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Here is the code.

$to = 'youraddress@example.com';

$subject = 'Test HTML email';
//create a boundary string. It must be unique
//so we use the MD5 algorithm to generate a random hash
$random_hash = md5(date('r', time()));
//define the headers we want passed. Note that they are separated with \r\n
$headers = "From: webmaster@example.com\r\nReply-To: webmaster@example.com";
//add boundary string and mime type specification
$headers .= "\r\nContent-Type: multipart/alternative; boundary=\"PHP-alt-".$random_hash."\"";
//define the body of the message.
ob_start(); //Turn on output buffering
?>
--PHP-alt-<?php echo $random_hash; ?> 
Content-Type: text/plain; charset="iso-8859-1"
Content-Transfer-Encoding: 7bit

Hello World!!! 
This is simple text email message. 

--PHP-alt-<?php echo $random_hash; ?> 
Content-Type: text/html; charset="iso-8859-1"
Content-Transfer-Encoding: 7bit

<h2>Hello World!</h2>
<p>This is something with <b>HTML</b> formatting.</p>

--PHP-alt-<?php echo $random_hash; ?>--
<?
//copy current buffer contents into $message variable and delete current output buffer
$message = ob_get_clean();
//send the email
$mail_sent = @mail( $to, $subject, $message, $headers );
//if the message is sent successfully print "Mail sent". Otherwise print "Mail failed" 
echo $mail_sent ? "Mail sent" : "Mail failed";
?>

I don't follow it well. expect someone can do me a favor.

  1. Why should I generate a random hash?

  2. Why I must add boundary string and mime type specification to header?

  3. Why use ob_start();?

4.

--PHP-alt-<?php echo $random_hash; ?> 
 Content-Type: text/html; charset="iso-8859-1"
 Content-Transfer-Encoding: 7bit

What are those lines meaning? Could I delete them? Thank you.

share|improve this question
1  
You clearly don't seem to get what is going on here. Can you at least tell us why you need an answer here? Is something not working? –  Pelle ten Cate Aug 18 '11 at 8:15
    
I second Pelle on this one. –  Christian Aug 18 '11 at 8:37

3 Answers 3

  1. Generating a random hash is to avoid it colliding with your content.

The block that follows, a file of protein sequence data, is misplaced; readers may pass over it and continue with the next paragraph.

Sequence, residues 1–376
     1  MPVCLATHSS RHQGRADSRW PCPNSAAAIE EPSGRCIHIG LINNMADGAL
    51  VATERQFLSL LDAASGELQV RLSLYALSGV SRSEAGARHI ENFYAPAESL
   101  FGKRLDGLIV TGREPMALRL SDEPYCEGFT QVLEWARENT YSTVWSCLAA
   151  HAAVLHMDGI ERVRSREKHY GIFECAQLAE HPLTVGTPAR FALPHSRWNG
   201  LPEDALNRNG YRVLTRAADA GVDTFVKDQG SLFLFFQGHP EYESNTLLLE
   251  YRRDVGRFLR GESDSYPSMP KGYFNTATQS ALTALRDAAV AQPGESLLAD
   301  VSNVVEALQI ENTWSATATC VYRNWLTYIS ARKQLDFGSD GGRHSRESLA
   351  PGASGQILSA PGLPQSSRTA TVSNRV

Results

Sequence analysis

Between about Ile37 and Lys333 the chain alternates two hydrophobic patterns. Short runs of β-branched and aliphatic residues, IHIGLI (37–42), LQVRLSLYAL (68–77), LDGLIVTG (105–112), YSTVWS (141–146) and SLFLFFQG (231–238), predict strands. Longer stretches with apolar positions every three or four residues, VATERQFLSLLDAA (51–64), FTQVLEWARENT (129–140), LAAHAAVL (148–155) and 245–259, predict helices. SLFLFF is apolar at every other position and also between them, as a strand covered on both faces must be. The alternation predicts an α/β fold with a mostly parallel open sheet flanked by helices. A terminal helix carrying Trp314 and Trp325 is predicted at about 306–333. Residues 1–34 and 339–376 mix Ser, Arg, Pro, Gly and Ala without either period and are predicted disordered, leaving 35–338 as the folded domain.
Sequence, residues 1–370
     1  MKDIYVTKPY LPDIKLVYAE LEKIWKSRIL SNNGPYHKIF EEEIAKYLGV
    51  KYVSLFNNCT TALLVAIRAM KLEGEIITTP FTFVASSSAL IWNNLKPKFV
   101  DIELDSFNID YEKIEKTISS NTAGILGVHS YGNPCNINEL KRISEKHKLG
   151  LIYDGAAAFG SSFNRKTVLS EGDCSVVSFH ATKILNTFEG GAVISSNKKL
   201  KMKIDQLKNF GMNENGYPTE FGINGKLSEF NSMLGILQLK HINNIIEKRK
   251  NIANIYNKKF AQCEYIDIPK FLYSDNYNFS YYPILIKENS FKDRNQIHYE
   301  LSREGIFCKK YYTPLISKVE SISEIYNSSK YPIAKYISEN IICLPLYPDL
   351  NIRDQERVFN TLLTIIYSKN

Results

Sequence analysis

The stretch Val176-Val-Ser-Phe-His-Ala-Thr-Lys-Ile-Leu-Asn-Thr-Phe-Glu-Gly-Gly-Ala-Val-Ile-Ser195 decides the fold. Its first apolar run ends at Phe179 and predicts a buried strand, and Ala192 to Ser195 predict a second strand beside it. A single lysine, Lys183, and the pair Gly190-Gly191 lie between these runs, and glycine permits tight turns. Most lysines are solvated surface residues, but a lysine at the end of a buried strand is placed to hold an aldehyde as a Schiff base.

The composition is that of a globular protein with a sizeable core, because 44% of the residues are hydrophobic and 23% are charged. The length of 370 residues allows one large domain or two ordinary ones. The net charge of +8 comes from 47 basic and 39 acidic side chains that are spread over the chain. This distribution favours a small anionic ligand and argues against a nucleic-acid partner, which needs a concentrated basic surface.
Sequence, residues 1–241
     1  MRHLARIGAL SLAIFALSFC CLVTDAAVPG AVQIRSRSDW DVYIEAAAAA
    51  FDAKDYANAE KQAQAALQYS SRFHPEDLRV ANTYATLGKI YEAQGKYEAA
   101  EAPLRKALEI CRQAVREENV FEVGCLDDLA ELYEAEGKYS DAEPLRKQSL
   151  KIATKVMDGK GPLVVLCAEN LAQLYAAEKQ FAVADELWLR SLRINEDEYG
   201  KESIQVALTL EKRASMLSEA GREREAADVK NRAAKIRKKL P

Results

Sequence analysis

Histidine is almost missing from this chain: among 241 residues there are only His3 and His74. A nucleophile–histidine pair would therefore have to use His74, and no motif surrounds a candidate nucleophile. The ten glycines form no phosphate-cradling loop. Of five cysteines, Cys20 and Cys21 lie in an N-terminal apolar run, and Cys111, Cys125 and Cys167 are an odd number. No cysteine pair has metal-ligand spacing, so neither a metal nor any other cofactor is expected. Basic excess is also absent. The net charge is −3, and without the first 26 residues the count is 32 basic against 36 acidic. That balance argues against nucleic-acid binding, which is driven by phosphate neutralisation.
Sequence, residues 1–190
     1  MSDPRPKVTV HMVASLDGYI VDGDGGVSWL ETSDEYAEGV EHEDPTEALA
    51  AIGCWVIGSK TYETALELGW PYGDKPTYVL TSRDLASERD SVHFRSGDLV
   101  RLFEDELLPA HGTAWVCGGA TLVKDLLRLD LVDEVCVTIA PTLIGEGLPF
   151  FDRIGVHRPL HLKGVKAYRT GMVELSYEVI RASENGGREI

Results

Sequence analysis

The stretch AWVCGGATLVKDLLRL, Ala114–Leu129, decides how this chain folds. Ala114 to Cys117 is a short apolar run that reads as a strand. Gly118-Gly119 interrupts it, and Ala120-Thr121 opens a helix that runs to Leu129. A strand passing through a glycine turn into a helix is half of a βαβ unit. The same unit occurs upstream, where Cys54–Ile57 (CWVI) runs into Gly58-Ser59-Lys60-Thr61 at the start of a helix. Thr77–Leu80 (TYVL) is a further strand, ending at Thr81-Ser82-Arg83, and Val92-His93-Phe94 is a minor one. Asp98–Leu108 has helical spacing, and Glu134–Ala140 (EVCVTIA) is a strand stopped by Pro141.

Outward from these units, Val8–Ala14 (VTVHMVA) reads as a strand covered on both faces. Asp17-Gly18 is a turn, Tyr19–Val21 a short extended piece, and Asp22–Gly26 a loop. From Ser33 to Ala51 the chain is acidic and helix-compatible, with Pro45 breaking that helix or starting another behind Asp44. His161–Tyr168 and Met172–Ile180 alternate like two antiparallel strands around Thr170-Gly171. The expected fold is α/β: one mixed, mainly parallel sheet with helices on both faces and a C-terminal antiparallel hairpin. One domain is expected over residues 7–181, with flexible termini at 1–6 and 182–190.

2. A "boundary string" tells the email clients where headers start and stop and where the actual email contents start. Since you want to send HTML email, you must specifically tell the email client it will be receiving HTML, not just any content.

  3. Otherwise the HTML and stuff will be sent directly to the browser, ie, the user viewing your site. Instead you want to store the HTML in a variable and use it instead.

  4. Content-Type tells the email client what kind of content you are sending and how it is encoded.

Of course you cannot delete them. It would be like sending you a PDF file without saying it is a PDF and without a proper extension - you won't know what to do with it.

Note

Emails, websites, anything which has a structure (including most files) usually are laid out in a structure of "header" and "body".

The header tells the file reader what to expect in the "body". The "body" is the actual content the reader should do something with.

share|improve this answer
1  
... and there is only one body. That's why you need MIME parts and delimiters when you need to send two or more things. –  Álvaro G. Vicario Aug 18 '11 at 9:28
    
Exactly. All the different parts still make part of one body, even if the spec is convoluted enough to allow regular header clauses between parts. –  Christian Aug 18 '11 at 10:49

I am not certain why the random hash is used here, but I think it is just additional safety to ensure a unique boundary string, preventing name collisions between parts.